Summerall, Madden: pair to beat full house

MEDIA WATCH

Longtime partners work 7th Super Bowl today

Super Bowl Xxxiii

January 31, 1999|By Milton Kent | Milton Kent,SUN SPORTS MEDIA CRITIC

NEW YORK -- If first impressions are real indicators of what's to come, let's say that John Madden didn't make a good one with Pat Summerall.

The time was 1980 and the place was the old Tampa Stadium, where Summerall was to be paired with his new broadcast partner for a midseason game between the homestanding Buccaneers and the New York Giants.

Summerall, by then, had already reached the summit of football broadcasting. Madden was the promising novice, just a year removed from coaching the Oakland Raiders.

As the smooth Summerall strode into the broadcast booth in the Tampa press box, one of the highest in the NFL, he glanced at the meaty Madden.

"He [Madden] was there in a suit and the sweat was just rolling off him. I said to myself, `Oh my God! Man, this is the wrong business for this guy. He's not going to make it,' " recalled Summerall during the recent football season.

He learned that Madden was sweating so profusely, not because of a lack of confidence, but because he was afraid of both heights and of closed places.

"By the end of the first quarter, I knew he had something to say, and by the time the game was over, I knew that we had a rhythm and we fit together," said Summerall.

Eighteen years later, the two will work their seventh Super Bowl together today, their second for Fox, as part of the longest running and most successful sports broadcasting tandem ever.

Summerall and Madden.

John and Pat.

The kicker and the coach.

It seems as though they have always been together with their idiosyncrasies -- Madden's "whaps" and "booms" and wild Telestrator drawings, Summerall's lean calls that seem to draw out a name a couple of extra syllables.

The fact that Summerall and Madden have lasted together for this long -- doing four more Super Bowls than any other pairing -- in a profession where today's play-by-play announcer is tomorrow's studio host and the next day's window washer -- stands as a testament to letting things be.

"The fact that no one has tinkered with it is amazing," said Madden. "It's like, I walked through Central Park and it's amazing to me that Central Park has been there all these years and no one messed it up or said, `I think we ought to build an apartment complex or shopping in there.' No one has messed with us."

Along the way, two vastly different men have forged a partnership that has lasted longer than many marriages. "A lot of marriages," Summerall cracked.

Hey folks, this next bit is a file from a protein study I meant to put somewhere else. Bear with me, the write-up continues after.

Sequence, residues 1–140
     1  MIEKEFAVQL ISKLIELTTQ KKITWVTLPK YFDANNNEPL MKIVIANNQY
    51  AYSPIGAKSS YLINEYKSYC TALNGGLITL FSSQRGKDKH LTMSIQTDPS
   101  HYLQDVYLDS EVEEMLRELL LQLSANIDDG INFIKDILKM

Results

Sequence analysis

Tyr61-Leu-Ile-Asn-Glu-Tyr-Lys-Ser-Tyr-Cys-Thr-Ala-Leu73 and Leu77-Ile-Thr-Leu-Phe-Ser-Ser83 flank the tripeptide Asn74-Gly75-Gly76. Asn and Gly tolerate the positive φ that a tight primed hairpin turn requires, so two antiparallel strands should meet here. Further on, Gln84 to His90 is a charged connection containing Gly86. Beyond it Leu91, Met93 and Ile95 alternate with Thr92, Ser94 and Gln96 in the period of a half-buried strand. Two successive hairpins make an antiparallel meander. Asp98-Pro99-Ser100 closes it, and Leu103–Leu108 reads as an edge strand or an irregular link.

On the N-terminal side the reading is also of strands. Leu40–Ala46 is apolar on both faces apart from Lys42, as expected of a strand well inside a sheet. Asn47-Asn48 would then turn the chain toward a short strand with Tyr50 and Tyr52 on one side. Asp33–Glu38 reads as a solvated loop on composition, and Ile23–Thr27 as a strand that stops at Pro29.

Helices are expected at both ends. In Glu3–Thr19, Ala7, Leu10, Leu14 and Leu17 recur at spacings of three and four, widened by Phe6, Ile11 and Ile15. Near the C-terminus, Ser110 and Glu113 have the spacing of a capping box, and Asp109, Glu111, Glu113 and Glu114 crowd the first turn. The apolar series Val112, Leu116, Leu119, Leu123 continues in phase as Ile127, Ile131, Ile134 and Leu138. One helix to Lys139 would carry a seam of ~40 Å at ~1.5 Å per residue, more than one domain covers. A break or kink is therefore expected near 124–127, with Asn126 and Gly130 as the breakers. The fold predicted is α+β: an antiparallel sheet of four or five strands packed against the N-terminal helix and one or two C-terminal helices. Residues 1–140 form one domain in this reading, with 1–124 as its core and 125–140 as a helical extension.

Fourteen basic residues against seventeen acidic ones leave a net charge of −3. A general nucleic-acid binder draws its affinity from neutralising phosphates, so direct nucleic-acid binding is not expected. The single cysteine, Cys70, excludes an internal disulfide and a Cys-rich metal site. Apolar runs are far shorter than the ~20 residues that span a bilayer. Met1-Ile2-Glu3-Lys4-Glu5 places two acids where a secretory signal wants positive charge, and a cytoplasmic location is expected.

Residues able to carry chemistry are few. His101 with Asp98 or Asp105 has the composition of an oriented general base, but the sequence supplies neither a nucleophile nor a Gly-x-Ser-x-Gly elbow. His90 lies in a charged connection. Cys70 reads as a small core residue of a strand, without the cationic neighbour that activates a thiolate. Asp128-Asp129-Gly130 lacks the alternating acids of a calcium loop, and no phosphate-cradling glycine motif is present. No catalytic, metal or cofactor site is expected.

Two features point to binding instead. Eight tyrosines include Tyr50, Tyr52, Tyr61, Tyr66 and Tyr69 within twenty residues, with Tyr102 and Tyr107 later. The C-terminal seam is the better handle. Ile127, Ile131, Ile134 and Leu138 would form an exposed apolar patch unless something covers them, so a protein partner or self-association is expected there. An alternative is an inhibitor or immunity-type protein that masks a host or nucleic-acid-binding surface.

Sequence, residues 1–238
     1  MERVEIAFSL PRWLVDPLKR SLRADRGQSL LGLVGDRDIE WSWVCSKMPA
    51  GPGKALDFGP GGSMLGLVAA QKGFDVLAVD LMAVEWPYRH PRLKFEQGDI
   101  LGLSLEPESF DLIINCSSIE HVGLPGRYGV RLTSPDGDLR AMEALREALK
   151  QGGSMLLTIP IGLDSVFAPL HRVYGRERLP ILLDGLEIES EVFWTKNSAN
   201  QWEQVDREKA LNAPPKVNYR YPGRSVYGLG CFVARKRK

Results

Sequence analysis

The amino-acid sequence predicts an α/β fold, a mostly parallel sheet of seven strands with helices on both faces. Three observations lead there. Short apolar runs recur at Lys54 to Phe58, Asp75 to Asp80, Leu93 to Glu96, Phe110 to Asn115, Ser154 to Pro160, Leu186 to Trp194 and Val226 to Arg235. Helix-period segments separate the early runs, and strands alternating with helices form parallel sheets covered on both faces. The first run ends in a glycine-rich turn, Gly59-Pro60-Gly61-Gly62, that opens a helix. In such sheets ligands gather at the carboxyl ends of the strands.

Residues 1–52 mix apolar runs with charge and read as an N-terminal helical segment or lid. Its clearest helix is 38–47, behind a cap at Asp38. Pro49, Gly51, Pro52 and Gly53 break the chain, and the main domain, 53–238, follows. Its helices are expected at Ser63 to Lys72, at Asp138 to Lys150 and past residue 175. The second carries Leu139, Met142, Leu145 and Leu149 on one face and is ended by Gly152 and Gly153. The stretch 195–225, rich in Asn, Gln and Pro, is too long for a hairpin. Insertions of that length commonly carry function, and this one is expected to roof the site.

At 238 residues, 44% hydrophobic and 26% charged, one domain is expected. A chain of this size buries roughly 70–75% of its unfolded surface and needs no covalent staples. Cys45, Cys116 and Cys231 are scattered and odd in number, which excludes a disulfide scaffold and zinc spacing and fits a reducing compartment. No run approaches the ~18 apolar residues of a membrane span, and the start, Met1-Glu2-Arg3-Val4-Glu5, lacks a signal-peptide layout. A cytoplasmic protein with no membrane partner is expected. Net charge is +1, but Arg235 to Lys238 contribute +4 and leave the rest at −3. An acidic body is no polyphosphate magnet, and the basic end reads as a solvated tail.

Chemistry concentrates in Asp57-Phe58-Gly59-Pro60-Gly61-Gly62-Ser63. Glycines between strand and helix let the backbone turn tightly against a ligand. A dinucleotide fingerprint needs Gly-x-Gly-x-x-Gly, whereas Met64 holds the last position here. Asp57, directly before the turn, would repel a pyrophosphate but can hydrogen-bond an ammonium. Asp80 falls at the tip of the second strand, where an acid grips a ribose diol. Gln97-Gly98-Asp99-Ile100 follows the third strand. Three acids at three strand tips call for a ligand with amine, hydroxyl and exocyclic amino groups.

Summerall, 68, a Southerner, broke into broadcasting in 1962, and was one of CBS' color analysts on the first Super Bowl broadcast in 1967. He learned from two masters -- Ray Scott, the former voice of the Green Bay Packers, and Baseball Hall of Famer Jack Buck.

Madden, 62, who was born in Minnesota but raised near San Francisco, stepped right off the sidelines and into the booth. He became one of the first of the mega-star analysts, a guy whose very presence indicates that the game the viewer is watching is special.

Though their makeups and approaches stand sharply apart, what the two men share is a football background. Madden, of course, coached the Raiders to a .726 winning percentage over 10 seasons and a world championship in Super Bowl XI.

Summerall, a kicker for the Giants in the 1950s and '60s, scored five points in the 1958 championship game against the Colts.

While Madden commands attention with his gesticulations and enthusiasm, it's Summerall's understated quality and his willingness to let Madden run wild that gets the job done.

"Pat's a man of few words and John's a man of many," said producer Robert Stenner, who has been with the pair from their beginning at CBS. "John can go off on tangents and Pat can safely land the plane. John has the luxury of going wherever he wants, knowing that Pat will be there to keep them on course."

Madden was one of the first to visit his partner seven years ago at the Betty Ford Clinic when Summerall checked himself in to battle alcohol addiction.

Two years later, when CBS, the only place either of them had worked in broadcasting, lost NFC rights to Fox, the men made a pact that it would always be Summerall and Madden in a broadcast booth.

"When we left CBS, we had a conversation about that very possibility, that he would go somewhere and I would go somewhere," said Summerall. "He said, `What are you going to do?' And I said, `I can't imagine, at this point in my career working with anybody else.' And he said, `I don't want to work with anybody else.' "

Said Madden: "I know that I wouldn't be what I am in broadcasting without Pat. I've always said if you can't get along with Pat Summerall, you can't get along with anybody. He's the best."

Pub Date: 1/31/99

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